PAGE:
Officials claimed that miners accounted for the entire electricity demand increase and more: about 700 MW of power was consumed by those registered with the government. However, this has not been confirmed by other sources as miners are generally difficult to trace. In February, the Almaty City Department for Economic Investigations was given the near-impossible task of tracking down illegal miners.
Despite these actions, in June it was revealed that Kazakhstan had received 652 million tenges, or $1.5 million, from the illegally-operated crypto mining industry in the country. Money has been collected through a surcharge newly levied on the electricity used by the secretive crypto-mining firms. In October 2022, the Audit Committee of Kazakhstan noted that poor oversight by the Ministry of Digital Development, Innovation, and Aerospace Industry has led to crypto-miners turning a government-backed technopark, the Astana Hub, into a financial ‘offshore platform.’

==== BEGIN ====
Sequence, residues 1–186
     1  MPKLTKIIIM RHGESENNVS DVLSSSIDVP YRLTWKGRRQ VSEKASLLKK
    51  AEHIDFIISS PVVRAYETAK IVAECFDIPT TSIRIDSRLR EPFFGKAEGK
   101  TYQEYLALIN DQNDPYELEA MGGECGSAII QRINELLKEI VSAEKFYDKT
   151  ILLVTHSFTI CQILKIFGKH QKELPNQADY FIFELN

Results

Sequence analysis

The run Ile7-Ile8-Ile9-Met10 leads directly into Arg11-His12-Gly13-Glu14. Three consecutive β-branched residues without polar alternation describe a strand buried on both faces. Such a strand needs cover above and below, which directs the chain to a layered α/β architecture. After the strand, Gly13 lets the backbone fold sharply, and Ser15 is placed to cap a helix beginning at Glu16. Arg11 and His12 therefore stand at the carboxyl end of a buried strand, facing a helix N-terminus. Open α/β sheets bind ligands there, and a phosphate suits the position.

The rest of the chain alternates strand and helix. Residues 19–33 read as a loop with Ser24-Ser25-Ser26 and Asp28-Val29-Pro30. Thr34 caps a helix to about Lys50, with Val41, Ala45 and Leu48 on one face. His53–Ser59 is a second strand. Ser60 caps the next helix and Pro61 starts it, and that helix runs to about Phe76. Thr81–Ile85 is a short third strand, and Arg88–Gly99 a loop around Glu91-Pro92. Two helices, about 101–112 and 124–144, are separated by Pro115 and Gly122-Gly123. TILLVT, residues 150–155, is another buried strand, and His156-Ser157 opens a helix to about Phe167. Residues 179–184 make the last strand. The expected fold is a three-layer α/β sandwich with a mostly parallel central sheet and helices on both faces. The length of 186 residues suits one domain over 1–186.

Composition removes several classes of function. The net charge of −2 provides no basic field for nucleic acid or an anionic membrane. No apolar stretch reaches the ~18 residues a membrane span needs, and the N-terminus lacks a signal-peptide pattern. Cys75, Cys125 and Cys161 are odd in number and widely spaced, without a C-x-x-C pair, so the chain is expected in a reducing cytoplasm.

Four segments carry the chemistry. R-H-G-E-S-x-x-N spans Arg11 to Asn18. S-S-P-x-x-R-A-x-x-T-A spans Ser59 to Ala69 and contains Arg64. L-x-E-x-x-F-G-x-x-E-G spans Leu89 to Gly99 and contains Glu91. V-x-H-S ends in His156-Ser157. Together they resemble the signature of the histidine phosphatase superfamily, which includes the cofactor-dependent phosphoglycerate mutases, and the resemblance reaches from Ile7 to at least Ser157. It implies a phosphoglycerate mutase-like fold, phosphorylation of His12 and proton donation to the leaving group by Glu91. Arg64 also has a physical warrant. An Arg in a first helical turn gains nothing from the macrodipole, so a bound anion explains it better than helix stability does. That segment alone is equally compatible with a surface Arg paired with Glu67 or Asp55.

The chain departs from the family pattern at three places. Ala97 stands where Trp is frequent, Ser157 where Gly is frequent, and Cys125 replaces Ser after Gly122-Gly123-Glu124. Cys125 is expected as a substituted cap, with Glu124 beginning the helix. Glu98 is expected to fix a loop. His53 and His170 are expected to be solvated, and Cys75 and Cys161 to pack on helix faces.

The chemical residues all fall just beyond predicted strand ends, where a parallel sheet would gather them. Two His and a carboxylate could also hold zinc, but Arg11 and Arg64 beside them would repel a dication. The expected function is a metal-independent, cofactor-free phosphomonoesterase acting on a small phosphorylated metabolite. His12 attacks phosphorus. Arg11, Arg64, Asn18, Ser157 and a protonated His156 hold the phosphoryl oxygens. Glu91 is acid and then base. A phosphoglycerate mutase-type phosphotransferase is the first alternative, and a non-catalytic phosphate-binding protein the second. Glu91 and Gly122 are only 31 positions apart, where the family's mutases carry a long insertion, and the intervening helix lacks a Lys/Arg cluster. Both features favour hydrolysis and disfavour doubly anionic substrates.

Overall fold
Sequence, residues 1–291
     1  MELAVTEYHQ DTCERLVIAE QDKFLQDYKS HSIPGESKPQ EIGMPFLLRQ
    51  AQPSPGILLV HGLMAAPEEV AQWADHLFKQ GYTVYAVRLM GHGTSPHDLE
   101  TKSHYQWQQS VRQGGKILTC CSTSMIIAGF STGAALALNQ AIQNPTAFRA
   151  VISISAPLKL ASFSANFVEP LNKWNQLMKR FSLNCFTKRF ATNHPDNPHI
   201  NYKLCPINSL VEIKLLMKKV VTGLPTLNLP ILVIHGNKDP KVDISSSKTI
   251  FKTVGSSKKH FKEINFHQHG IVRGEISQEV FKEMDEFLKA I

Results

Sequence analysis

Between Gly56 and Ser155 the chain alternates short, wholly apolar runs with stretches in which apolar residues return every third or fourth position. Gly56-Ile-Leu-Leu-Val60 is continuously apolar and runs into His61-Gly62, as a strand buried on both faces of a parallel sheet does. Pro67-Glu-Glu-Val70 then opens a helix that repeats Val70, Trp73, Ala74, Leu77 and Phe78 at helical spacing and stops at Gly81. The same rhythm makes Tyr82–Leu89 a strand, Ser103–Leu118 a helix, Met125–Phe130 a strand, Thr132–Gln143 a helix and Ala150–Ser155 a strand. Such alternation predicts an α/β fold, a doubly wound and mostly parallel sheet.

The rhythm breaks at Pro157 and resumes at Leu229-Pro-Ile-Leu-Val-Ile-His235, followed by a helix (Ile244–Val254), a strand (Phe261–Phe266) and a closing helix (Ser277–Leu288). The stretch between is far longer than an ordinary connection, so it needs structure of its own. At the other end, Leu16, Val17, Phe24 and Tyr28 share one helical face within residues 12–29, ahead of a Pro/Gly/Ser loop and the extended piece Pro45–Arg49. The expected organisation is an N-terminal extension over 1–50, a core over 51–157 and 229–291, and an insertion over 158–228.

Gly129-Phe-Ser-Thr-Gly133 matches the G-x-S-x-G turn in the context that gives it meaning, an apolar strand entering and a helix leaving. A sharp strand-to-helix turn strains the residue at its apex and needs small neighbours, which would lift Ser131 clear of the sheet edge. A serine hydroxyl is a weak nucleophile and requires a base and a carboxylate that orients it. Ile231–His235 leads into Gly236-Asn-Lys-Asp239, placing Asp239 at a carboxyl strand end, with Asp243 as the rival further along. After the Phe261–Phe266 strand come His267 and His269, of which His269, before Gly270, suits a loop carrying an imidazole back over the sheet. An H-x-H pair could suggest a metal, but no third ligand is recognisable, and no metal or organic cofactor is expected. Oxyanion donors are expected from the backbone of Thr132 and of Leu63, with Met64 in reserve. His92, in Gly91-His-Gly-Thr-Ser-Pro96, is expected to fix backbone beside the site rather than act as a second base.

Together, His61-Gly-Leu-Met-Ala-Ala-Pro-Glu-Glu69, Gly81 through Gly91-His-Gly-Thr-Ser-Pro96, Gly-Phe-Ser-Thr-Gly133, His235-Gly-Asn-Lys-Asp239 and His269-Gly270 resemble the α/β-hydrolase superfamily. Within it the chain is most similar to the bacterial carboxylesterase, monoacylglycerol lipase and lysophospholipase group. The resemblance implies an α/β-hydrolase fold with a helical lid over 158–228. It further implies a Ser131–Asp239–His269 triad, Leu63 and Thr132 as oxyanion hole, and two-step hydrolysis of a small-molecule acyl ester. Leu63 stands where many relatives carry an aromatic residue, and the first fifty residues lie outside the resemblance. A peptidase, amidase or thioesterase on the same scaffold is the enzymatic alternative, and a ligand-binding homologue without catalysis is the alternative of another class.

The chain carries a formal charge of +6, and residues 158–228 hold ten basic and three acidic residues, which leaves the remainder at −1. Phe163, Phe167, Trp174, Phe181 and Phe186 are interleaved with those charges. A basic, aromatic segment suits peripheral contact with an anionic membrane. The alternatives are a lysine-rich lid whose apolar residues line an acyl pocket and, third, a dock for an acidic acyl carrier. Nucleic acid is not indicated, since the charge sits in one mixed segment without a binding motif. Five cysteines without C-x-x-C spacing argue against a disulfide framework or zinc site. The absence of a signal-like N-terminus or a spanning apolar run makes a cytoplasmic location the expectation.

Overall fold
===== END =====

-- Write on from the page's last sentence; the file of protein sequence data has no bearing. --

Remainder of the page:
As a result of the government’s actions, Kazakhstan crypto mining companies and individual miners fled again, this time leaving the country and relocating. At the end of 2021, BitFuFu, a mining company backed by Chinese mining machine giant Bitmain, decided to abandon an estimated 80,000 mining machines. The company planned to start from scratch in the U.S. At the moment, Kazakhstan is still on their map, but will this be there for long?
Kazakhstan Crypto: A Wind of Change